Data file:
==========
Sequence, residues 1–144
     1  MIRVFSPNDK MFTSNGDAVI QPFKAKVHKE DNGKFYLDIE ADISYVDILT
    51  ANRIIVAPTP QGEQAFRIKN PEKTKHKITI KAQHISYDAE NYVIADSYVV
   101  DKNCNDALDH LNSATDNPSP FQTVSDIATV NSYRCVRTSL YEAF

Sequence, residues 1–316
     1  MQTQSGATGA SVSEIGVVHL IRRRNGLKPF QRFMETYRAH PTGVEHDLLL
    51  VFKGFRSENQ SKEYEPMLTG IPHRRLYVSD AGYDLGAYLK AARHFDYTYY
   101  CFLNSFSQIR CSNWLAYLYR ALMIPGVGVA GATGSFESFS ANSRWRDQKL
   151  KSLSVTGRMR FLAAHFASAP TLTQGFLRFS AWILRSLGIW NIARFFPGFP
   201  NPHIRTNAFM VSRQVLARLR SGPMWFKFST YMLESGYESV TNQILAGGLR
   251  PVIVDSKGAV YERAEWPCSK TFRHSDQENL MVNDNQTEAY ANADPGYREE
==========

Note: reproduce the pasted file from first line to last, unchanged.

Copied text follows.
Sequence, residues 1–144
     1  MIRVFSPNDK MFTSNGDAVI QPFKAKVHKE DNGKFYLDIE ADISYVDILT
    51  ANRIIVAPTP QGEQAFRIKN PEKTKHKITI KAQHISYDAE NYVIADSYVV
   101  DKNCNDALDH LNSATDNPSP FQTVSDIATV NSYRCVRTSL YEAF

Sequence, residues 1–316
     1  MQTQSGATGA SVSEIGVVHL IRRRNGLKPF QRFMETYRAH PTGVEHDLLL
    51  VFKGFRSENQ SKEYEPMLTG IPHRRLYVSD AGYDLGAYLK AARHFDYTYY
   101  CFLNSFSQIR CSNWLAYLYR ALMIPGVGVA GATGSFESFS ANSRWRDQKL
   151  KSLSVTGRMR FLAAHFASAP TLTQGFLRFS AWILRSLGIW NIARFFPGFP
   201  NPHIRTNAFM VSRQVLARLR SGPMWFKFST YMLESGYESV TNQILAGGLR
   251  PVIVDSKGAV YERAEWPCSK TFRHSDQENL MVNDNQTEAY ANADPGYREE